Tonight my heart cried. I diagnosed two miscarriages and told a little girl she was beautiful despite what the mean school bully said. Emergency medicine is sacred in that we see our patients at their worst moments, at their most vulnerable, and yet they open up and talk to us, complete strangers, and tell us everything, and trust us with their secrets.
This little eleven year old girl felt sad. She was being verbally abused at school by a bully who accused her of being fat and ugly, which blew my mind because she was gorgeous. After assessing her risk in a roundabout way, she was not a danger to herself – our first priority in the ER – I turned on my dad mode. “Sweetheart, you are beautiful and wonderful. Sometimes this happens in our world and it’s complete nonsense. Some people believe that it’s ok to be mean and evil to other people, and they are completely wrong. Often these people have insecurities that they are compensating for by being cruel. You know deep inside who you are, and you are beautiful. Sometimes it hurts, but remember who you really are, and you are not anything that she says.” She smiled. It broke my heart thinking about my own two girls, and other little girls around the world who will one day be treated so savagely and unjustly. Next, I arranged for close followup with our pediatrics psychologists, and mandated the dad to fix things at school.
The next room held a lady who was 18 weeks pregnant with vaginal bleeding. After further exploring the story, I grabbed the ultrasound and placed the curvilinear probe on her belly. “Ma’am, let me just get a few standard views before we look at the pictures together and talk.” That minute immediately felt like hours as I scanned her uterus and stimulated the baby, but there was no fetal movement, no pixelated rhythmic flicker indicating a heartbeat. And usually at this gestational age, everything is easy to see. I tried not to furrow my brow or look too serious, but it was impossible. What usually was a moment of joy, turned to horror. After what seemed an eternity, but was likely only a few minutes of searching in vain, I had to say something. It was true awkward silence. “Ma’am, I wanted to make sure before we talked that I knew what I was looking at, but usually at this age it’s a lot more clear. Usually when I push on your belly the baby starts moving around, and usually I’m able to easily see a heartbeat, but something’s not right. Ma’am I’m concerned about a possible miscarriage. But let me send you to radiology for a formal ultrasound, they have much bigger and better machines and will be able to see a lot more clearly.” I procrastinated, put off what I knew was inevitable. An hour later she returned, the radiology read confirming my suspicions, and I knew I had to broach the terrible news. “Ma’am, did they mention their findings in radiology?” “No sir.” “Well, I reviewed their images and their interpretation, and their findings were the same. They could not identify a heartbeat. And their dates measured at 15 weeks, so it is likely that your baby died a few weeks ago. I’ve already spoken with obstetrics, and they will talk to you soon about what to do. Ma’am, I am so sorry for your loss.” She held her emotions so well until that point. She was so strong. But at that moment she broke down and wept. My eyes teared slightly. I felt myself shrink in my doctor’s stool, as I felt so small and inadequate. Usually we were showing moms their babies bouncing around in their bellies, but today I showed a mom her dead child. And there was nothing I could do for her. There was no emergency medicine treatment or lifesaving procedure I could offer. I was useless. I slipped out of the room as the couple cried. Later that evening I diagnosed another miscarriage in a lady that was not even aware she was pregnant.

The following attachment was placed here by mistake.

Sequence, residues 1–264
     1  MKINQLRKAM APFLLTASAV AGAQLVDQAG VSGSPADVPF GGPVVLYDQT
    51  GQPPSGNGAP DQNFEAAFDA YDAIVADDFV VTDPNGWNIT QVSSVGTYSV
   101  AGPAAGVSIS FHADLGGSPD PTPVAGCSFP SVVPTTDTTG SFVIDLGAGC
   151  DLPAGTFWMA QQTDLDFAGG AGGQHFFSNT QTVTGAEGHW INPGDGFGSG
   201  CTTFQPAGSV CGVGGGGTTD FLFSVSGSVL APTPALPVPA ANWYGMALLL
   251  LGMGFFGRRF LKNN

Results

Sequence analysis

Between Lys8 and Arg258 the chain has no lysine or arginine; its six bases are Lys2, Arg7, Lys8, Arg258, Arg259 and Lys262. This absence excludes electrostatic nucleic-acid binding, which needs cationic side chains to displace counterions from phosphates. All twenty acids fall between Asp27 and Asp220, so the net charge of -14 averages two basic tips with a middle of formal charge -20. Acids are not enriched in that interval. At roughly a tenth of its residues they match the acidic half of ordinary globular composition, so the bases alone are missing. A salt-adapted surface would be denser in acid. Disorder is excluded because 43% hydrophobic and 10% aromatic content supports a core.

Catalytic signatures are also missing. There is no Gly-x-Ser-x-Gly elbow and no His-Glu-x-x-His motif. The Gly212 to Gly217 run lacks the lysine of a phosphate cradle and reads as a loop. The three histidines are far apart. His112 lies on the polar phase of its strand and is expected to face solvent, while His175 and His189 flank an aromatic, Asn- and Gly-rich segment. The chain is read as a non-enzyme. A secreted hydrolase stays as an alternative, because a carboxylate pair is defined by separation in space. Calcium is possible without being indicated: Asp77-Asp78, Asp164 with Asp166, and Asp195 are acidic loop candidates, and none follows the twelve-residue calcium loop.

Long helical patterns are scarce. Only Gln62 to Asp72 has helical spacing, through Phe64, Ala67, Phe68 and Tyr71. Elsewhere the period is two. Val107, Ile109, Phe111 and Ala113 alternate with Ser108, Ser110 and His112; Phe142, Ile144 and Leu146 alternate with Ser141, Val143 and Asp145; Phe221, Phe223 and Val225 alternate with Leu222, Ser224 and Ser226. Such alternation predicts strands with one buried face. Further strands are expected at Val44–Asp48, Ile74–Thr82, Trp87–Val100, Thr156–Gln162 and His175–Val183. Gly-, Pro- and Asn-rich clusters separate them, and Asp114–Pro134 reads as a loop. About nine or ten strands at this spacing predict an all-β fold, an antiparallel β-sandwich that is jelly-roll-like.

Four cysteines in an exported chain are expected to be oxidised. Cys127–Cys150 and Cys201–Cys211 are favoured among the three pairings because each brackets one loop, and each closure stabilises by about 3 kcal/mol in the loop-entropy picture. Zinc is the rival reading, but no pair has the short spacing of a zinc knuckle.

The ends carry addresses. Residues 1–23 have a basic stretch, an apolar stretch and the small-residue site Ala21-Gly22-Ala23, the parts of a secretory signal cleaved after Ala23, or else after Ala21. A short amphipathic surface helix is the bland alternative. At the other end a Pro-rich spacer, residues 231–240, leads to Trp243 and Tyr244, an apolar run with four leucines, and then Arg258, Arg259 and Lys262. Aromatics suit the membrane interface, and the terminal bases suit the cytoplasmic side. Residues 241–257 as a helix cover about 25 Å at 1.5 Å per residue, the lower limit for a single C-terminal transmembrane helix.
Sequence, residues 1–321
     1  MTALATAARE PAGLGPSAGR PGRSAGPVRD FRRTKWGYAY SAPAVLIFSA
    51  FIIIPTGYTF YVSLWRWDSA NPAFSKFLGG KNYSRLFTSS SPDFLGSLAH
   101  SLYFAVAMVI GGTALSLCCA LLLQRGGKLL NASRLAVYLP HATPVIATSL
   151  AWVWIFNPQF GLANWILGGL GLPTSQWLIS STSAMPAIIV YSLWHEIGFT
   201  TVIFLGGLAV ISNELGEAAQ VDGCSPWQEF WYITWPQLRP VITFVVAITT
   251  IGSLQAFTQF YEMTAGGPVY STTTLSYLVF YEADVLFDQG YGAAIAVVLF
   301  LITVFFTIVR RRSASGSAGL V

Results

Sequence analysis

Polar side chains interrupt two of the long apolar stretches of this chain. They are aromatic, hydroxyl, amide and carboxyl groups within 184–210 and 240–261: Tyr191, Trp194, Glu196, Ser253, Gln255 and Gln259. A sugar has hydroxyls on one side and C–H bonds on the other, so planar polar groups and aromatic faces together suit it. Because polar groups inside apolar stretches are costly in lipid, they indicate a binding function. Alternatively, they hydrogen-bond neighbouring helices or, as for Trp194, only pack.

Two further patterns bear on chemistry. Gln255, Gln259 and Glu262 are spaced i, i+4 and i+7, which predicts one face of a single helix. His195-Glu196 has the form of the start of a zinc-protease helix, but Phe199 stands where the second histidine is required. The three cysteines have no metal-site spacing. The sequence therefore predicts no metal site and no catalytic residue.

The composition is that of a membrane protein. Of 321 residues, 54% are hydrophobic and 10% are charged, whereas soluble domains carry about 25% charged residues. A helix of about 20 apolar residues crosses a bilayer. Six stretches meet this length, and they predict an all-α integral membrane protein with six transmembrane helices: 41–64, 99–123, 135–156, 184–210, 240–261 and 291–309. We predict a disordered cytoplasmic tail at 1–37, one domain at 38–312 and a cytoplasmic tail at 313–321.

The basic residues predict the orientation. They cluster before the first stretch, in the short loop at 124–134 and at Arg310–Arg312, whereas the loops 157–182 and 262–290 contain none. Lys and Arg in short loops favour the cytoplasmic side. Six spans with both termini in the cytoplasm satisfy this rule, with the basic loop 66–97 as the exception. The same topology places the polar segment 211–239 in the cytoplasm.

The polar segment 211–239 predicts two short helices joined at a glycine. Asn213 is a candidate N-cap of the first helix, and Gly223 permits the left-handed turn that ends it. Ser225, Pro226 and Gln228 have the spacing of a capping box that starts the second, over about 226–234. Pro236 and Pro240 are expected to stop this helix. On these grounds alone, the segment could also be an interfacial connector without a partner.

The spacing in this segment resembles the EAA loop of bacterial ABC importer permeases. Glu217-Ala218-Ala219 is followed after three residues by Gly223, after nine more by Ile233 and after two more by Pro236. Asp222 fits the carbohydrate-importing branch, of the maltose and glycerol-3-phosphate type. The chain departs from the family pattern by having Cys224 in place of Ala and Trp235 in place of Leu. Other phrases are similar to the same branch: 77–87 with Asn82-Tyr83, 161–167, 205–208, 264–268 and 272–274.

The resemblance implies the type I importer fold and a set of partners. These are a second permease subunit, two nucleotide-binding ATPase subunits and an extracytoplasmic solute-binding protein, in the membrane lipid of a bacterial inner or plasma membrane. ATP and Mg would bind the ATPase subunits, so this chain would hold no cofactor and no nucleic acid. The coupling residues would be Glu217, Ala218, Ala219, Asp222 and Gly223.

Occasionally our job is exhilarating, we ride the high of the saves, or the adrenaline of resuscitations. But sometimes our job sucks. We tell families that their loved ones died, or we diagnose a terrible terminal disease. And sometimes we tell a mother that her unborn baby has died. And then we drive home in the dark, and drink a glass of wine, and watch a sappy movie with our families, and hide our tearing eyes, and then head to bed. But not before we kiss our sweet kiddos on their foreheads and soft cheeks, and whisper “I love you” in their dreaming ears.